See How Seth’s Decisions While Training Led to Cavities

See How Seth’s Decisions While Training Led to Cavities

Feb 02, 2018

Did you know that there’s a connection between hardcore athletics and dental problems?

Once the majority of Olympians were found to have serious dental problems, many began to wonder what the causes were. It turns out that these cavity-causing habits are not just relegated to the highest level of athletes, but are problems that face thousands of high school and college level athletes throughout the country. Explore the decisions made by Seth during his training in college and see why they led to cavities.


“Get out there and play!” Seth must’ve heard his father say that statement to him a thousand times growing up, and go out and play is exactly what he did. No kid spent as much time on the field as Seth and that was a major reason why no one could compete with him in his sport of choice – baseball. He spent his entire childhood as a local legend of the sport in Fort Myers and even came close to pitching a perfect game on a few occasions.

As he entered his first year of college, Seth knew he’d have to train harder than ever to make the team. This was especially true because he’d decided to try out for the varsity team, despite being a freshman and possibly one of the youngest players if he made it. Seth saw this as the opportunity of his life and expanded his already impressive training regimen to five days per week. He’d hit the gym, run, and spend time at the batting cage with his buddies to prepare for tryouts.

Seth was an avid baseball player through and through. While it kept him in shape, he picked up a bad habit from his years in the dugout. Seth had a daily habit of chewing tobacco and like most users, he let the negative warnings he heard go in one ear and out the other. Seth never chewed tobacco in the gym, but during practice at the batting cage and while driving around town he was known to have his favorite can of dip in his back pocket.

Out of all the types of training required to be a pitcher on a college baseball team, Seth loved working out in the gym the most. Before every workout, he packed his weightlifting gloves and his favorite bright red flavor of Gatorade to keep him hydrated. Plus, as a post-workout snack, Seth preferred a Powerbar Protein Plus because it has 30g of protein – he especially liked the Chocolate Brownie Flavor.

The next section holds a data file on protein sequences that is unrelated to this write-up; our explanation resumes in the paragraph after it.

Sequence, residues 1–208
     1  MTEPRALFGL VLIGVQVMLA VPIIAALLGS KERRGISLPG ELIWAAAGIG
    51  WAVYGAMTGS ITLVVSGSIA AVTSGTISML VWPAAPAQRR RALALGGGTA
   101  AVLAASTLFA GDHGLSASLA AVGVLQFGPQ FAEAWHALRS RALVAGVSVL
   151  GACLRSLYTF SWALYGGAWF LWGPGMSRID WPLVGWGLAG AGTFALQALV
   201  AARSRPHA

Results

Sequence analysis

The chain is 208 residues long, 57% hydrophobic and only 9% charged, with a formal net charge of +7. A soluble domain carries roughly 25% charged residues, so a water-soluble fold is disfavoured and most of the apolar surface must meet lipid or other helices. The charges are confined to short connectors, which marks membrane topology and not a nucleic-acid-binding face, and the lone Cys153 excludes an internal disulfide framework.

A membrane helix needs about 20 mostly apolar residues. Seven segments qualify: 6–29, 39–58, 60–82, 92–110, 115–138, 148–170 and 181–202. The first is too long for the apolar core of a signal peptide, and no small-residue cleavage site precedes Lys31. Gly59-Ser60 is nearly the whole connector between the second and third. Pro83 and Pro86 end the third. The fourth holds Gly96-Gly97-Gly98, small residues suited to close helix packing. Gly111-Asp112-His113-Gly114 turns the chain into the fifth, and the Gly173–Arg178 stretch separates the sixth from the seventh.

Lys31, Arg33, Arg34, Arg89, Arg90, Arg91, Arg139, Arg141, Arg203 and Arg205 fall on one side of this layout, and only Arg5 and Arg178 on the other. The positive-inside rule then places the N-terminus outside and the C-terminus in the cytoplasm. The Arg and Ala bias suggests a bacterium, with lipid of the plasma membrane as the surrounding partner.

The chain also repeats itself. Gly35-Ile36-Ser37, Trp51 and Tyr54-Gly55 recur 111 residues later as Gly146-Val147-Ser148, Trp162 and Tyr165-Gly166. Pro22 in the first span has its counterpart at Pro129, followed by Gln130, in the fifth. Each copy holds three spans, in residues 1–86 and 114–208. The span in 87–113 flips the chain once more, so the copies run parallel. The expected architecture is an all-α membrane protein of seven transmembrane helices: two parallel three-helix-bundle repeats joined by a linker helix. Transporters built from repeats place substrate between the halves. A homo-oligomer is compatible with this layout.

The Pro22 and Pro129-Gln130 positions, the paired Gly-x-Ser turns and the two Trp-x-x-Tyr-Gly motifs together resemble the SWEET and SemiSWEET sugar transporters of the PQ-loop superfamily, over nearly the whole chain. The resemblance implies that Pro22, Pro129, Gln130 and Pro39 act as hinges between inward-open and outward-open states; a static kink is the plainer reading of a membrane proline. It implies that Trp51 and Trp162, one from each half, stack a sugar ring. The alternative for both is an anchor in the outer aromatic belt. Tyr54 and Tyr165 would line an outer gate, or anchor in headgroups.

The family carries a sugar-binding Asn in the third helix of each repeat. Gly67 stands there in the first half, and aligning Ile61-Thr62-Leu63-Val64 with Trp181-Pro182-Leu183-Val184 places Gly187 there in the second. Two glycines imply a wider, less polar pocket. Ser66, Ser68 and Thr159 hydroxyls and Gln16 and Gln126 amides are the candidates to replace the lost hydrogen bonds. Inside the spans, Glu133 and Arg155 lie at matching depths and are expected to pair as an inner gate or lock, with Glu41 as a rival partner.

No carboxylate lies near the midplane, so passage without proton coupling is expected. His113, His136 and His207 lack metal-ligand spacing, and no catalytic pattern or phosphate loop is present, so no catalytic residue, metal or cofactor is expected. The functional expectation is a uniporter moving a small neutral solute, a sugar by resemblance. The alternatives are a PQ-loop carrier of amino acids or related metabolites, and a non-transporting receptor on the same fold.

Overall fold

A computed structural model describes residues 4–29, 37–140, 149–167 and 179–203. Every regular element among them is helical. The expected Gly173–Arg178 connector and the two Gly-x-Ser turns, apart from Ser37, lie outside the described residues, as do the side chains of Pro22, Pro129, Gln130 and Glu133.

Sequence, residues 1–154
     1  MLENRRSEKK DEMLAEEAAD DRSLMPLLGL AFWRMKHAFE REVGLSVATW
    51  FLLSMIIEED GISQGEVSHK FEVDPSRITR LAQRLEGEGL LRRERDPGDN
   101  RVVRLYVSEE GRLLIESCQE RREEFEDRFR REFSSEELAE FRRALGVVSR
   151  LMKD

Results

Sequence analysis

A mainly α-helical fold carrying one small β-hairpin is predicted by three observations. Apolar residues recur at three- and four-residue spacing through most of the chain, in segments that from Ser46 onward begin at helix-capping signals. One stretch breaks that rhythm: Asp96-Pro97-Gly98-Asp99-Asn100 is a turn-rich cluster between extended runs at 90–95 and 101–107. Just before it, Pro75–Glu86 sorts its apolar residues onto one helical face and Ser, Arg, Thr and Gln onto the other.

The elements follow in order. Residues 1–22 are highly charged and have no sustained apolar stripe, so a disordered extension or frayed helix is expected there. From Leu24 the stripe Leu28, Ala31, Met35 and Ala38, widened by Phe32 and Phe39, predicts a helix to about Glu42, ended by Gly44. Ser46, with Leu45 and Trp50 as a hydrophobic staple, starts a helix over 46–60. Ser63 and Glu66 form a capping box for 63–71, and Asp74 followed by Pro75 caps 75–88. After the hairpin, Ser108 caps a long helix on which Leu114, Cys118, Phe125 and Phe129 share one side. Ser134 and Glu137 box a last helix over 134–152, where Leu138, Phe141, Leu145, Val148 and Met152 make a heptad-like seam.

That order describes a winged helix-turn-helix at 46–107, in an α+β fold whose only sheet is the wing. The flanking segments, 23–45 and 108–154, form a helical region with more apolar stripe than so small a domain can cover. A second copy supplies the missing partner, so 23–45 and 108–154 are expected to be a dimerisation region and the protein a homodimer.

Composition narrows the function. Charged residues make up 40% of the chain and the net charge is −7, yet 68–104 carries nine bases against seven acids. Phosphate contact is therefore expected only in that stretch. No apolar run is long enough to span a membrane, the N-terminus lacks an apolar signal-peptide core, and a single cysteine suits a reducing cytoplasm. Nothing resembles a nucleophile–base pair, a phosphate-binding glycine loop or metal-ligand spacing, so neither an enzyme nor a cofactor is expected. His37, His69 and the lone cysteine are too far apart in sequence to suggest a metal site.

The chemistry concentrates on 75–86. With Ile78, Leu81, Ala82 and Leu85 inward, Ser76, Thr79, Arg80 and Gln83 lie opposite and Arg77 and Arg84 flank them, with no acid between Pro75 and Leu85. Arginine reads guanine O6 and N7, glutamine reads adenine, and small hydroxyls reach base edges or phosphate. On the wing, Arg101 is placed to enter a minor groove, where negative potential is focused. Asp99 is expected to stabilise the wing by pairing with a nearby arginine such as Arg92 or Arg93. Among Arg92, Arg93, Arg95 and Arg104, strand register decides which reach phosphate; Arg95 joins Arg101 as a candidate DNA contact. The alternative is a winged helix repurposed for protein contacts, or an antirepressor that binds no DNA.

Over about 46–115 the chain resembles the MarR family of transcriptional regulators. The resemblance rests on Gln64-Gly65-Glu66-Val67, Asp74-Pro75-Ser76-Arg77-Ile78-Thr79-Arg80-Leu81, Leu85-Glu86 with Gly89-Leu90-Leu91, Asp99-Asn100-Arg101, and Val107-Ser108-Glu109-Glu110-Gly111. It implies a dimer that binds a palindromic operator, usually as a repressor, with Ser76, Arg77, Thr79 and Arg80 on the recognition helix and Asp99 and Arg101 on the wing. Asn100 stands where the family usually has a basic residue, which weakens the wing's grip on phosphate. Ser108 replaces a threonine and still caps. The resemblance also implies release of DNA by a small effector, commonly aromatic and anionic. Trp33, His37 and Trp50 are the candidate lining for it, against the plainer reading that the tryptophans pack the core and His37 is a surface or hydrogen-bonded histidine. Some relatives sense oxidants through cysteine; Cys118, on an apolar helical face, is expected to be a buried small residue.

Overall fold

After the months of training, Seth didn’t quite make the tryout for the varsity team. His coach and buddies had high hopes for him, but when asked what happened, many of them said the same thing: “He wasn’t himself out there – he kept touching his mouth like he had a toothache or something.”


Seth was so focused on making the varsity baseball team that he didn’t notice that some of his choices were devastating for his oral health. Did you spot the three choices Seth made that took a toll on his smile?

1. Seth Developed a Habit of Chewing Tobacco

When most people think of tobacco, cigarettes come to mind, but in some sports and parts of the country, chewing tobacco is extremely prevalent. Just like tobacco in smoked form is terrible for your teeth, putting a pinch of chewing tobacco in your lip is even worse. Even after short-term use, chewing tobacco can leave your mouth riddled with sores and blisters. Over many years of use, it drastically increases your chances of developing oral cancer or losing teeth.

2. Seth Relied on Sugary Sports Drinks for Replenishment

While sports drinks are marketed like the ultimate advantage for thirsty athletes, it’s vital to check the sugar content first. In Seth’s case, the sugar content was the last thing on his mind. Seth’s simple justification was seeing that his favorite player starred in the commercial so he thought it might help his game. Had he known that the vast majority of sports drinks are loaded with cavity-causing sugar, Seth may have stuck to water and prevented damage to his teeth.

3. Seth Chose Sugary Protein Bars for His Post-Workout Snack

Not all protein bars are bad for your teeth but many are packed with enough sugar to cause plaque and tooth decay, especially if eaten on a daily basis. While Seth’s favorite protein bar contained 30g of protein, it also contained a startling 30g of sugar – that’s a lot for a 200 calorie snack that can be finished in a few minutes. Had Seth done a bit of research, he might have found that many protein bars contain very low amounts of sugar and are better for your body and smile.


Seth’s story shows that our decisions really do define our smiles. Sugar and tobacco can be tempting for a lot of teens and adults, but ultimately, it’s vital to know the ramifications of indulging in these products. Through consistent oral care at home combined with biannual dental appointments with Dr. Streater, you can ensure that your smile stays strong and healthy. Contact Dr. Streater to schedule your next appointment.

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